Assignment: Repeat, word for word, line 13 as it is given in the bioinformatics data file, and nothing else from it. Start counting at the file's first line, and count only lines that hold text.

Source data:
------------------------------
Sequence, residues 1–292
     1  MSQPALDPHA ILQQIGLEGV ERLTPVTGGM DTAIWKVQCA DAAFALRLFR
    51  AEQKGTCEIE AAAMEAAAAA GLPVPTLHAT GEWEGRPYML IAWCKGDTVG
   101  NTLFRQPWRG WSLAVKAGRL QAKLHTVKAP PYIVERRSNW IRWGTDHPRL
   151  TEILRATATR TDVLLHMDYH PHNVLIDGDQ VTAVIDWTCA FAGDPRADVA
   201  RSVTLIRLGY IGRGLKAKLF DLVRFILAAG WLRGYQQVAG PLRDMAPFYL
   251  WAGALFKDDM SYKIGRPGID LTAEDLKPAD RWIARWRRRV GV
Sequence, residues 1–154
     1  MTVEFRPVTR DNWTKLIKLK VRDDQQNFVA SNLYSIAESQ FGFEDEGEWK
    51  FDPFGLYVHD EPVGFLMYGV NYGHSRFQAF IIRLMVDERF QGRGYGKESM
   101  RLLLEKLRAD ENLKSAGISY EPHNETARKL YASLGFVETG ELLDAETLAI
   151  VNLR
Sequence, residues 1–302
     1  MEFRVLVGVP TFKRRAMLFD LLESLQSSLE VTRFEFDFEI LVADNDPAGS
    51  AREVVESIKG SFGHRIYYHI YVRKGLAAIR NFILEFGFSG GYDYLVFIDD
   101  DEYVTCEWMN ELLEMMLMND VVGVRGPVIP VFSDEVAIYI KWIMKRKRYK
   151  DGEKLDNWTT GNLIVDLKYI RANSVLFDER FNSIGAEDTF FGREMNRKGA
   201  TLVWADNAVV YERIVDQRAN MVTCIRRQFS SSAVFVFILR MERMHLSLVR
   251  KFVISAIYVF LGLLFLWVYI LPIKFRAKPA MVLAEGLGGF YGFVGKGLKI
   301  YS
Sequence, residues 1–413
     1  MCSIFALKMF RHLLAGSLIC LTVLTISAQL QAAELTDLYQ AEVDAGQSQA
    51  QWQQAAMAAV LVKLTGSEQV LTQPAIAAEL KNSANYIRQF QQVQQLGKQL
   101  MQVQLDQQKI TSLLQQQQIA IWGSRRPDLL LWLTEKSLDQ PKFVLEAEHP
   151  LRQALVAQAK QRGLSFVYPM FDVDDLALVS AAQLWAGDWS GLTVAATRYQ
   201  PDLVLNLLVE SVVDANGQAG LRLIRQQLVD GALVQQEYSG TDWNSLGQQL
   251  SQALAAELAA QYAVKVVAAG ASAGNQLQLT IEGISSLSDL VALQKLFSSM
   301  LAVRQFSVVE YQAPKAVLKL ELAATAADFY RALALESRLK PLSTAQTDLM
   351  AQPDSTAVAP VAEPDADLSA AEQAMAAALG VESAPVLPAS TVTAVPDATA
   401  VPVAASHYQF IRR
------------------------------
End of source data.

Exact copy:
Sequence, residues 1–302